University President Ronald J. Daniels and School of Medicine Dean Paul B. Rothman announced plans to name a new building in honor of Henrietta Lacks, the source of the immortal HeLa cell line, on Saturday. The new multidisciplinary building will be located on the East Baltimore Campus and is expected to be completed in 2022.
Lacks was an African-American patient at the Hopkins Hospital, who died of cervical cancer in 1951. During a procedure, the Hospital took her genetic material without her consent. These cells, known as HeLa cells, were the first “immortal” human cells, meaning that they did not die after a set number of divisions. Before this, cultured cells would only survive for a few days. HeLa cells have significantly contributed to the study of the human genome, leukemia and other cancers.
Controversy has surrounded the cells in recent years. In June, a lawyer representing three immediate descendants of Lacks’ announced that they would file a petition to seek guardianship of these cells. Lacks’ family was unaware for a long time that the cells were being used around the world for medical development and profit.
In an email to The News-Letter, graduate student Vikram Chandrashekhar noted that some of Lacks’ family members have sought monetary compensation for the medical research that profited from her genetic material. Because of this, he criticized the decision to name a building after Lacks.
“On its face, the gesture of naming a building after Henrietta Lacks is substantial, but not only does this not address the wishes of the Lacks family, it also doesn’t materially change the lives of members of the
Lacks family,” he wrote. “Instead, Hopkins has opted to name a building after her, demonstrating that they would rather sanitize their public image through token gestures than truly make up for wrongs done in the past.”
According to the press release published by the University, the building will expand on the Berman Institute of Bioethics and will focus on programs that enhance partnership between Hopkins and the community and promote studies about research ethics.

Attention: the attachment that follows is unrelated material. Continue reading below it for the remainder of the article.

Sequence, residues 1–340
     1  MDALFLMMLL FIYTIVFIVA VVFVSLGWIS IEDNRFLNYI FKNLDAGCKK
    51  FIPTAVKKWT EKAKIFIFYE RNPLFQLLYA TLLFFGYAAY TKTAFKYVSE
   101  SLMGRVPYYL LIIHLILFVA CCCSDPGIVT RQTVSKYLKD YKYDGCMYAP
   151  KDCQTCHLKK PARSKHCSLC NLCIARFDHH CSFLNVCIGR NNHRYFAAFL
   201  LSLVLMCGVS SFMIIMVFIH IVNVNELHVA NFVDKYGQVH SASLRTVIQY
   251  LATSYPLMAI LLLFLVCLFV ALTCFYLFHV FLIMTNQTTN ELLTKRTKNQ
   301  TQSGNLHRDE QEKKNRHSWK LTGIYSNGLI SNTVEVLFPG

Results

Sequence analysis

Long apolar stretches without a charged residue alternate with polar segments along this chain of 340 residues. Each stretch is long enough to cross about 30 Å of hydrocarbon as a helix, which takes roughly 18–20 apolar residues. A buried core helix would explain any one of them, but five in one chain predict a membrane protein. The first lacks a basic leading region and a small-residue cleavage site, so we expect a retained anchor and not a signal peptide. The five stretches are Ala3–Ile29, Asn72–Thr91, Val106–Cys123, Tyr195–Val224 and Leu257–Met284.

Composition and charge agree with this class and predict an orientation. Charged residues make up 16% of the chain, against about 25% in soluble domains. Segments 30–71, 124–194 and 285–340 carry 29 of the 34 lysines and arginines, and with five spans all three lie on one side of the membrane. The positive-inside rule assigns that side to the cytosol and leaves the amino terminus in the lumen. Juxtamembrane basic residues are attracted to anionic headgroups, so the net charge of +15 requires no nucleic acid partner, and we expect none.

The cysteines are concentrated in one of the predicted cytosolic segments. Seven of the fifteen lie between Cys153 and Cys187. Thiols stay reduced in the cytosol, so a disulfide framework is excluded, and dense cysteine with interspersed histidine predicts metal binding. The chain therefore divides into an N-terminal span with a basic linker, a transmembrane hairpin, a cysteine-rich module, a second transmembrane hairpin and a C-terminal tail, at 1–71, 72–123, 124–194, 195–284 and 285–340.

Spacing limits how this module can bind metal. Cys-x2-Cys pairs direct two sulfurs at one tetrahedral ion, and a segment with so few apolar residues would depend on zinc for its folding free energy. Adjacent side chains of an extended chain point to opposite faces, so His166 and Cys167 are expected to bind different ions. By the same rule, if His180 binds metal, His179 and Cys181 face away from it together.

“Through her life and her immortal cells, Henrietta Lacks made an immeasurable impact on science and medicine that has touched countless lives around the world,” Daniels wrote. “We at Johns Hopkins are profoundly grateful to the Lacks family for their partnership as we continue to learn from Mrs. Lacks’ life and to honor her enduring legacy.”
Jeri Lacks, Henrietta Lacks’ granddaughter, attended the event and said she was glad that her grandmother was receiving recognition from the community.
“It is a proud day for the Lacks family. We have been working with Hopkins for many years now on events and projects that honor our grandmother,” she wrote in a press release. “They are all meaningful, but this is the ultimate honor, one befitting of her role in advancing modern medicine.”
Jeffrey Kahn, director of the Johns Hopkins University Berman Institute of Bioethics explained how the story of Henrietta Lacks shaped ethics research.
“Henrietta Lacks has encouraged us all to examine, discuss and wrestle with difficult issues that are at the foundation of the ethics of research, and must inform our relationships with the individuals and communities that are part of that research,” Kahn wrote in a press release. “As a result, students, faculty and the entire research community at Johns Hopkins and around the world do their work with a greater sensitivity to these critical issues.”
In 2013, the University worked with members of the Lacks family and the National Institutes of Health (NIH) to create a committee that requires scientists to request permission to use HeLa cells in NIH-funded research. This NIH committee includes two members of the Lacks family.
The plans for the new building were announced at the ninth annual Henrietta Lacks Memorial Lecture. The Hopkins Institute for Clinical and Translational Research (ICTR) hosted this lineup of speakers, including doctors and professors from the School of Medicine and descendants of Lacks’.
The lecture also included talks on treatments for cervical cancer, protecting human participation rights in research and historical reflections on Lacks’ story.
Dr. Cornelia Trimble began her discussion about cervical cancer research by highlighting HeLa cells’ positive effect on the medical community, such as their contribution to the development of the polio vaccine.
Trimble noted improvements in treating cervical cancer patients as a result of her team’s research and the relationship between clinical research trial participants and researchers. She described clinical trials as a partnership and stressed the importance of consent throughout the process.
Trimble concluded by emphasizing the improvements in immunotherapy and treatment for cervical cancer.
“Our progress is real, it’s concrete. It’s not anecdotal anymore,” she said.
Leah Cole, a student at the University of Maryland, College Park, was interested in this focus on consent in clinical trials.
“They’re working to have a better relationship between people who are involved in research and researchers,” she said.
Speakers addressed participation in clinical trials with respect to class and race. David Lacks Jr., Henrietta Lacks’ grandson, emphasized the importance of minority doctors and researchers.
“We are not just the people who are being researched on, we are also doing research. We are not just the people on the table,” he said.